not enter a separate conviction or sentence on a count that
is only a sentence enhancer.... But 'a single count may
charge both a crime and a sentence
enhancer.'" (quoting Melillo, 25 P.3d at
12 Nothing in the charging document indicates that counts
seven and eight were intended to include one or more
substantive offenses in addition to those charged in counts
one and three. And, the special interrogatory given in
connection with the pattern of abuse verdict forms identified
only the lotion and condom incidents as the predicate acts
establishing the patterns. Because those incidents were also
the subject of separate charges (i.e., counts one and three)
and verdicts, counts seven and eight did not encompass
"additional" substantive crimes for which one or
more separate sentences could be imposed. They acted, then,
as mere sentence enhancers for counts one and three.
13 Notably, identical acts supported the verdicts for each
pattern of abuse count. There was, then, but one pattern of
abuse, and the court should have applied only the applicable
one (i.e., sexual assault on a child by one in a position of
trust - pattern of abuse). That enhancer, in turn, would
apply to each of the sentences for the lotion and condom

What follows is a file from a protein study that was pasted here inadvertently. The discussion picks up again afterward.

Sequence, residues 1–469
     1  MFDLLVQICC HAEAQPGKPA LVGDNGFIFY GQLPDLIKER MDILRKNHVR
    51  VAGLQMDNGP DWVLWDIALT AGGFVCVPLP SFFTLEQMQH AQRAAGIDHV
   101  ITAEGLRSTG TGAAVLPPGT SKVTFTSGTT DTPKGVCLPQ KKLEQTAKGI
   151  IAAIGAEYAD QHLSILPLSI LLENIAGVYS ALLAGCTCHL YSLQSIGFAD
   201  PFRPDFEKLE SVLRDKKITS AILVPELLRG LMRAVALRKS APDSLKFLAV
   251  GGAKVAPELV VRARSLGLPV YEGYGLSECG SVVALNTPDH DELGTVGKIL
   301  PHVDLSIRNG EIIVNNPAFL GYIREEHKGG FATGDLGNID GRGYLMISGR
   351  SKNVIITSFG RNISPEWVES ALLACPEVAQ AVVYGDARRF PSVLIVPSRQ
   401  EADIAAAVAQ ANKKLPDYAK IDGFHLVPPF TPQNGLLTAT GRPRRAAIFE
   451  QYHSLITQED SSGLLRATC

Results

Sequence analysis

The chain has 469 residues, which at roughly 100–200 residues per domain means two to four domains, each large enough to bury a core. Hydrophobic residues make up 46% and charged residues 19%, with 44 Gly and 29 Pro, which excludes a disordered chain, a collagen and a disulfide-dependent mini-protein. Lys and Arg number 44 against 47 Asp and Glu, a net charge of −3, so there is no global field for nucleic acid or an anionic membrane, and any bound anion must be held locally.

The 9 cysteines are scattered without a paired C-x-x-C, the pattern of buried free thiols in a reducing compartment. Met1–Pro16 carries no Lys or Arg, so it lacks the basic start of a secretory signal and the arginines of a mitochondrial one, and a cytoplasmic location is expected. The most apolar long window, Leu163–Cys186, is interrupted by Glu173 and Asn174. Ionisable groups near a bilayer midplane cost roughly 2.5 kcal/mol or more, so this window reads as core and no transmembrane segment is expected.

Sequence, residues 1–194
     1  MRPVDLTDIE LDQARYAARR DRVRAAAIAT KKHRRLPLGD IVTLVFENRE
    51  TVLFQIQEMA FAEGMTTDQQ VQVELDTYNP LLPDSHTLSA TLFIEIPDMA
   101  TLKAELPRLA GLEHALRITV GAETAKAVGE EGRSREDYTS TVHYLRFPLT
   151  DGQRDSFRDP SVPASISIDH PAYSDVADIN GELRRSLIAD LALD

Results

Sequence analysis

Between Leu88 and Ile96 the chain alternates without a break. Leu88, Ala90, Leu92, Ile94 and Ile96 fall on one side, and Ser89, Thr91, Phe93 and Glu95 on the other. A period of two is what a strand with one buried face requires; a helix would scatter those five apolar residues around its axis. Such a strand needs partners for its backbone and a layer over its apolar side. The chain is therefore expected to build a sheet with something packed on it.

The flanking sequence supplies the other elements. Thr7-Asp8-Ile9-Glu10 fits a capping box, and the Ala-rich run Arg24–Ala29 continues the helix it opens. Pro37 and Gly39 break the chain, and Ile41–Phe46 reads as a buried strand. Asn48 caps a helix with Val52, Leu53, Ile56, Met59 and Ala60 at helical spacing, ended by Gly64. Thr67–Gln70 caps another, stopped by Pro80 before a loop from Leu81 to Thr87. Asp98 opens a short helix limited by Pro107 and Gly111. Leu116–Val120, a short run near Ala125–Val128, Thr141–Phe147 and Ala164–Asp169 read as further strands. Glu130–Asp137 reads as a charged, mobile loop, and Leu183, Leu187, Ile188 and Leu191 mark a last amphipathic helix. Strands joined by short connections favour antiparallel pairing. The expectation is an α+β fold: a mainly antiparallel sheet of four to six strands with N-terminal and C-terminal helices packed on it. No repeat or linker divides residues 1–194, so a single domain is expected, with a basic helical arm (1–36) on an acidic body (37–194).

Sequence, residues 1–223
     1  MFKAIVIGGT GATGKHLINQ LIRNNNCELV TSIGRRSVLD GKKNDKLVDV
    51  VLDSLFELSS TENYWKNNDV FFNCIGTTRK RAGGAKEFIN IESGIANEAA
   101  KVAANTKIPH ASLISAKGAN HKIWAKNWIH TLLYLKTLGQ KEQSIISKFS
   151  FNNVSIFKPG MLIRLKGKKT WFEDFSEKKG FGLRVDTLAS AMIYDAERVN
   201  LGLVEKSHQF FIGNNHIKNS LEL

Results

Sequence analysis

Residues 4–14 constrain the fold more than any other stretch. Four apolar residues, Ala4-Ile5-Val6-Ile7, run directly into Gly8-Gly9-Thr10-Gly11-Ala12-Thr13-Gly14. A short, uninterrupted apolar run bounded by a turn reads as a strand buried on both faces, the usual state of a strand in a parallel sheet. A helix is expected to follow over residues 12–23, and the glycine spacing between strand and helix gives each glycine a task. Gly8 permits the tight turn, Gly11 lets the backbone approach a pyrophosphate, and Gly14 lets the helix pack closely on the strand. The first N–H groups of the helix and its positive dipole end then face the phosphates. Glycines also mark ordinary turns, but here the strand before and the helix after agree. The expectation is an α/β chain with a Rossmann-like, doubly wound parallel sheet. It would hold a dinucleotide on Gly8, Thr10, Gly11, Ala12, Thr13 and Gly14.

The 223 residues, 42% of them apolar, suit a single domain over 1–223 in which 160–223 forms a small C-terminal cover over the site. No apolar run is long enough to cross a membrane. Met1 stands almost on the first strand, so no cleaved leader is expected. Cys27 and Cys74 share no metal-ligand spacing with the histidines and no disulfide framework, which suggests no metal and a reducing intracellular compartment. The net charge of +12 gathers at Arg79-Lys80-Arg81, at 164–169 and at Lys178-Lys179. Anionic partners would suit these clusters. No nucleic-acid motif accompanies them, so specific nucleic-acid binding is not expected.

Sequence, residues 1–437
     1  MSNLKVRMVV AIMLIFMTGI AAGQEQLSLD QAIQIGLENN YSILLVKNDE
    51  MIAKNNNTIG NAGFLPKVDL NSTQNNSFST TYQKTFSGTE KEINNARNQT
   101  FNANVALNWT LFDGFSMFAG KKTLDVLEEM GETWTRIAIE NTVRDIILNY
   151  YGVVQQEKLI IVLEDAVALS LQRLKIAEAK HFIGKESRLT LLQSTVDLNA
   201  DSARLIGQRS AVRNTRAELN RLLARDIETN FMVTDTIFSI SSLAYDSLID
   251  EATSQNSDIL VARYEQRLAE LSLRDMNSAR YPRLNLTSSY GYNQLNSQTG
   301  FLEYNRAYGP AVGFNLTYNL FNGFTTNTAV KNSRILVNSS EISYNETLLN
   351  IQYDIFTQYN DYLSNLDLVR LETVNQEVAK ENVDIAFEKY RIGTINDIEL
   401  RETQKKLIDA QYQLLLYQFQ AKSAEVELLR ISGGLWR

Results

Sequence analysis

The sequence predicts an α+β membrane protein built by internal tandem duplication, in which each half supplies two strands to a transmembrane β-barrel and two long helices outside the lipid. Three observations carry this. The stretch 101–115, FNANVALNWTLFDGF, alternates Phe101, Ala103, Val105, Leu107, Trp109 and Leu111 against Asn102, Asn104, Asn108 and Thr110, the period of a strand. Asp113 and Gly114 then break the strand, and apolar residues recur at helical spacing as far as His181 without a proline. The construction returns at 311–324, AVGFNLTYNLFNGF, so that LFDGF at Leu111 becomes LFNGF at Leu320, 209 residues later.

incidents (counts one and three), elevating each from a class
4 felony to a class 3 felony. §§ 18-3-405(2)(d),
-405.3(2)(b), C.R.S. 2016.
14 Consequently, in entering separate convictions and
sentences for counts seven and eight, the district court
15 The district court also erred in concluding that it was
statutorily required to impose consecutive sentences.
16 Generally, a trial court has discretion to impose either
consecutive or concurrent sentences, except when the offenses
charged are supported by "identical evidence, " in
which case concurrent sentencing is required under section
18-1-408(3), C.R.S. 2016. Juhl v. People, 172 P.3d
896, 899 (Colo. 2007).
17 In some instances, however, consecutive sentencing is
required by statute. See § 16-11-309(1)(a),
C.R.S. 1999 (providing, as pertinent here, that "[a]
person convicted of two or more separate crimes of violence
arising out of the same incident shall be sentenced
for such crimes so that sentences are served consecutively
rather than concurrently") (emphasis
added); § 16-13-804(5)(a), C.R.S. 1999
(requiring that any sentence for a sex offense be served